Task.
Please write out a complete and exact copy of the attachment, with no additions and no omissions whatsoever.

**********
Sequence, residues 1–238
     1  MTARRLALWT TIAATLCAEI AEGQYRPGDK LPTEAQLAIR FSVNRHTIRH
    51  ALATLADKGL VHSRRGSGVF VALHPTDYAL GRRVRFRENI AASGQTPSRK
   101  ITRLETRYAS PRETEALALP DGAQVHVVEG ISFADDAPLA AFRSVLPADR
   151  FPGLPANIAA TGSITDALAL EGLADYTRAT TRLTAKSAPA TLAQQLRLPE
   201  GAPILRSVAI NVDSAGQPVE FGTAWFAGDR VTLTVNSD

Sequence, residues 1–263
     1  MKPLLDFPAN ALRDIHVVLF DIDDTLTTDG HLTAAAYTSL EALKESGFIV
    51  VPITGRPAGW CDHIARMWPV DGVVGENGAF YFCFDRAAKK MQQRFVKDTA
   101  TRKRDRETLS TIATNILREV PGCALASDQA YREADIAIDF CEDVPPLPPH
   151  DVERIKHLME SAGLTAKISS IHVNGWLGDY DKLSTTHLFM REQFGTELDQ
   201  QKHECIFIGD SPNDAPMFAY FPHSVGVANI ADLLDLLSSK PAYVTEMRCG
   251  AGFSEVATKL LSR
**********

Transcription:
Sequence, residues 1–238
     1  MTARRLALWT TIAATLCAEI AEGQYRPGDK LPTEAQLAIR FSVNRHTIRH
    51  ALATLADKGL VHSRRGSGVF VALHPTDYAL GRRVRFRENI AASGQTPSRK
   101  ITRLETRYAS PRETEALALP DGAQVHVVEG ISFADDAPLA AFRSVLPADR
   151  FPGLPANIAA TGSITDALAL EGLADYTRAT TRLTAKSAPA TLAQQLRLPE
   201  GAPILRSVAI NVDSAGQPVE FGTAWFAGDR VTLTVNSD

Sequence, residues 1–263
     1  MKPLLDFPAN ALRDIHVVLF DIDDTLTTDG HLTAAAYTSL EALKESGFIV
    51  VPITGRPAGW CDHIARMWPV DGVVGENGAF YFCFDRAAKK MQQRFVKDTA
   101  TRKRDRETLS TIATNILREV PGCALASDQA YREADIAIDF CEDVPPLPPH
   151  DVERIKHLME SAGLTAKISS IHVNGWLGDY DKLSTTHLFM REQFGTELDQ
   201  QKHECIFIGD SPNDAPMFAY FPHSVGVANI ADLLDLLSSK PAYVTEMRCG
   251  AGFSEVATKL LSR